How to beat the counter offer and secure your first choice of candidate
With candidates in the driving seat and counter offers commonplace, how can you ensure that you don’t lose the best talent at the final hurdle? Kate Allen, Managing Director at Allen Associates, shares her secrets to success.
A recent report by CV Library suggests that cost per hire is now £5,000-£10,000 and that poor hiring decisions can generate loses of up to £15,000. These are hefty sums that demonstrate once more why getting your hiring strategy right is so important.
But the fact remains that we live in a candidate-driven market. For many industries, the war for talent is very real and it’s likely that your ideal hire, is also someone else’s.
In a perfect situation, a candidate would bite your hand off for the job offer you put forward, but this isn’t always the case.
Alternative offers from competitors and counter offers from current employers, mean that the talent you’ve spent so much effort on attracting could easily slip through your fingers. Taking the following steps will help minimise the risk of this happening.
1. Give them an unforgettable experience
As I mentioned in my last blog post, candidate experience matters more now than ever before.
From the initial job advertisement to interview and even the way you present your offer – make sure it is aligned, consistent and timely.
Start from the beginning and map out the candidate journey. Ask yourself, what does best look like?
Do your careers website/pages offer staff case studies that show what it’s really like to work in your company? Is the job description and information pack up-to-date, relevant and in plain English? Are your processes easy and mobile optimised? Are your tests and interviews relevant to the role? Can you integrate an opportunity for candidates to meet the team they’d be working with?
2. Don’t hang around
The best talent isn’t going to wait around for you to make a decision. It’s incredibly important to keep the process moving and not let it drag on.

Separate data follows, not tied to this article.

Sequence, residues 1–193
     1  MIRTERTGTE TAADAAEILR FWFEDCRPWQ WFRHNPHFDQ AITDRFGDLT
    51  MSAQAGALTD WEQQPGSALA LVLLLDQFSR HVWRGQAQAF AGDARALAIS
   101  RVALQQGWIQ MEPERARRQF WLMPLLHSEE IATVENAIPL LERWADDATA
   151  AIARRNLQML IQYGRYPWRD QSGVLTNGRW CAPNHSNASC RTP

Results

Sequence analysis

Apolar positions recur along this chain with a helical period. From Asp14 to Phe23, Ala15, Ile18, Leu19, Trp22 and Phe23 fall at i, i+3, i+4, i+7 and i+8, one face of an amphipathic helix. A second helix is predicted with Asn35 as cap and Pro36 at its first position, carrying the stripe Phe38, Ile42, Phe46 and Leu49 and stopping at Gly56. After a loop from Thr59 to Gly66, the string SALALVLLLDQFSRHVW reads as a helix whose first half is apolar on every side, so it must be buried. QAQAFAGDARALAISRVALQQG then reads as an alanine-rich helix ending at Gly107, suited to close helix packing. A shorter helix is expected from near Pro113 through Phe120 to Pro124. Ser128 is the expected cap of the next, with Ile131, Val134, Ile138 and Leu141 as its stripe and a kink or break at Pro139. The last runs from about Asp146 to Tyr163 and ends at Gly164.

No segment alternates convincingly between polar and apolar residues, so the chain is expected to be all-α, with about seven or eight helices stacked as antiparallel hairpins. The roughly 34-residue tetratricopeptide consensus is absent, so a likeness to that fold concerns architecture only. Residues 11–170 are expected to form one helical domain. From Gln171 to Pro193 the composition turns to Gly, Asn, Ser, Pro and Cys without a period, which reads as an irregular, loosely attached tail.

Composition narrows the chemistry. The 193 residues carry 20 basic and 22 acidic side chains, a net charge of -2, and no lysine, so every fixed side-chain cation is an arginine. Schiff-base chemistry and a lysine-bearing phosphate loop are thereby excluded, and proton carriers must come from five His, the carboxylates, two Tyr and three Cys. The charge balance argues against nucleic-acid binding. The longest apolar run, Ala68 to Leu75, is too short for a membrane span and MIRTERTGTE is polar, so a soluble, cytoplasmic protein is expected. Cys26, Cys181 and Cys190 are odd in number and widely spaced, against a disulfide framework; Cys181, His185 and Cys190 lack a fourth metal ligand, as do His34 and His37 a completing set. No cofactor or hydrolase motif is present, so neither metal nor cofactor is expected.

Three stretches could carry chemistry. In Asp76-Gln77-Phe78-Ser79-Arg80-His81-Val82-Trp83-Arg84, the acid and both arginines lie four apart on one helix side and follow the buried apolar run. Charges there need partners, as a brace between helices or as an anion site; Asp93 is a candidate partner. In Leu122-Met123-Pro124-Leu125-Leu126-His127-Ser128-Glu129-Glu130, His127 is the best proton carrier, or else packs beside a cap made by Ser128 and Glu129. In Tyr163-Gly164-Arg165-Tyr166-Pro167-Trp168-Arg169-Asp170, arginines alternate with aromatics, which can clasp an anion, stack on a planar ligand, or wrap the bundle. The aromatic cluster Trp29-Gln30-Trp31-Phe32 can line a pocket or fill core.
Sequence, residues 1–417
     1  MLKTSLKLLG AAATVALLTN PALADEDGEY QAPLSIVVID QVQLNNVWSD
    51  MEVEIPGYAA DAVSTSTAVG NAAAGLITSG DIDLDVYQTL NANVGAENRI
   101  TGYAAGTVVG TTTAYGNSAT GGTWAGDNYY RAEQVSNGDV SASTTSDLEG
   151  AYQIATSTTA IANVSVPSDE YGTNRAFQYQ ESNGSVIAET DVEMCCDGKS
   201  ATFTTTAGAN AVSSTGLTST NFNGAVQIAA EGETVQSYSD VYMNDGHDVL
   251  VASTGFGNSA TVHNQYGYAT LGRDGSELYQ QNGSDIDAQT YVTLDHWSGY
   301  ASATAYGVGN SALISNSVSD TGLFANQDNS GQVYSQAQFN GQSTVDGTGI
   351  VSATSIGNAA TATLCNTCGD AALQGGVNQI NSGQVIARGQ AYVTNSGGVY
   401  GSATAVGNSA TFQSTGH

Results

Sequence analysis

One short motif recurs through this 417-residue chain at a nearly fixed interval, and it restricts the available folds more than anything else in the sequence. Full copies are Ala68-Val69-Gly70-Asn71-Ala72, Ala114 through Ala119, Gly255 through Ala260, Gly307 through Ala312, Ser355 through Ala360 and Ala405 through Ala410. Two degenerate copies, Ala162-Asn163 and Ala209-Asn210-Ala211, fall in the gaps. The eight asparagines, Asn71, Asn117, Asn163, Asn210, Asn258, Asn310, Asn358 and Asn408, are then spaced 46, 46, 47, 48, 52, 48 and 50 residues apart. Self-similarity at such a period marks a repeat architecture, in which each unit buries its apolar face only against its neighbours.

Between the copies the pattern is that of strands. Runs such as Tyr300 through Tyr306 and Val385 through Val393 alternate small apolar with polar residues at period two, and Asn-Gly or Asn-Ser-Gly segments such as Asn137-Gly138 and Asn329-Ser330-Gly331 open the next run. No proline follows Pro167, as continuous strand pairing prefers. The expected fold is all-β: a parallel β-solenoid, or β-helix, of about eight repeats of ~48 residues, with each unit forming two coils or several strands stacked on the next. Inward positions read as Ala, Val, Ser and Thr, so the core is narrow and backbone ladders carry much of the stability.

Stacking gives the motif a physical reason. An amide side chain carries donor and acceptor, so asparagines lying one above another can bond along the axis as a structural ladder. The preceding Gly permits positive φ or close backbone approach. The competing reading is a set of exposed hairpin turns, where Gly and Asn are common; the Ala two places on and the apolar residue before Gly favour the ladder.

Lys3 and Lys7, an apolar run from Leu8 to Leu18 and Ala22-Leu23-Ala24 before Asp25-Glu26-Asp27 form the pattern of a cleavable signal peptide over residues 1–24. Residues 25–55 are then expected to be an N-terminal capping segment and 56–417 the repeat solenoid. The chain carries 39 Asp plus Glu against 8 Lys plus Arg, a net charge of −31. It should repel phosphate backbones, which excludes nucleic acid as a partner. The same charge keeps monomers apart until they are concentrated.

Be flexible with interview times (before or after work if needed) and consider conducting first interviews by skype. Most importantly, when you’ve made your decision, make the offer quickly.
Be upfront with candidates about the expected timeframes, and if this changes at all let them know as soon as you can.
3. The personal touch
The person you choose for the role will be joining your team, becoming a part of your business and your daily lives. Start as you mean to go on!
Don’t make the job offer via email. Ensure the most senior person available makes the offer face-to-face or over the phone. Leave email to discuss contracts and finer details.
4. Sell the role
Throughout the process ensure that you are selling the role and the company at all times. If the person you’re after has multiple interviews or offers, reminding them of the benefits of working with your business will help you to stand out.
Ensure that the interviewing team knows as much as possible about career development opportunities, CSR, benefits, training and the social side of the team/business. In today’s experience-driven world these things count for a lot.
5. Pay what they are worth
This sounds so simple, but is too often the downfall that sees good talent go elsewhere. Benchmark your salaries against competitors and other industries.
Be prepared to be flexible, and have a clear idea of the maximum you can offer. But don’t lose someone great for the sake of £500.
6. Make a plan in advance to deal with counter offers or multiple offers
Similar to knowing the maximum salary you will offer, you also need to know upfront how you will deal with counter offers and multiple offers.
Who needs to be involved in the negotiations? Know this upfront so you can respond quickly.
Also, remember that it’s not all about salary. Reiterate the many other benefits that matter such as holidays, incentives and bonuses, social events, company ethics and working environment.
7. Give them time to think about it (but not too much time!)
This is a tricky one to gauge but the golden rule is to stay close and keep talking. Answer any questions and alleviate any concerns they may have about the role or the team.
Have you seen a rise in counter offers or multiple offers? Do you need advice? Please feel free to email me at firstname.lastname@example.org.